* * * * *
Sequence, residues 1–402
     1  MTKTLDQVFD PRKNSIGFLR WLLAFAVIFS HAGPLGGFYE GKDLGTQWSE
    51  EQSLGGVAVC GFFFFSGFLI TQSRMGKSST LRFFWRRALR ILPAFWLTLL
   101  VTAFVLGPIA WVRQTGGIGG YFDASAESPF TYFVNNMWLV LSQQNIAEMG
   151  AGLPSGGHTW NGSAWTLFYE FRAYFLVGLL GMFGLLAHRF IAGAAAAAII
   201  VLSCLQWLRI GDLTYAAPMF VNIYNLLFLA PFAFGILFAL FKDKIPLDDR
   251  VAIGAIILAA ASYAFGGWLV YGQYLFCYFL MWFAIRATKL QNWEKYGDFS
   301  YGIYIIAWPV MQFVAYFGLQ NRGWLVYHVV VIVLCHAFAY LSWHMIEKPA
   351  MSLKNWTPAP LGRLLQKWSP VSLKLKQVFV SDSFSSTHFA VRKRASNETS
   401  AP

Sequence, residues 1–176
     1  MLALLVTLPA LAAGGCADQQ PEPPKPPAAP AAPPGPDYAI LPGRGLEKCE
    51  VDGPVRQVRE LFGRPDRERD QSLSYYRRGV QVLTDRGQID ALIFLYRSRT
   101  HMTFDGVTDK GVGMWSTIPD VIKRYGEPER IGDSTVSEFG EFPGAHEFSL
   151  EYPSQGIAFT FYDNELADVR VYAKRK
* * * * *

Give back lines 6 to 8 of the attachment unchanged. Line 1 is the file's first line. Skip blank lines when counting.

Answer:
   201  VLSCLQWLRI GDLTYAAPMF VNIYNLLFLA PFAFGILFAL FKDKIPLDDR
   251  VAIGAIILAA ASYAFGGWLV YGQYLFCYFL MWFAIRATKL QNWEKYGDFS
   301  YGIYIIAWPV MQFVAYFGLQ NRGWLVYHVV VIVLCHAFAY LSWHMIEKPA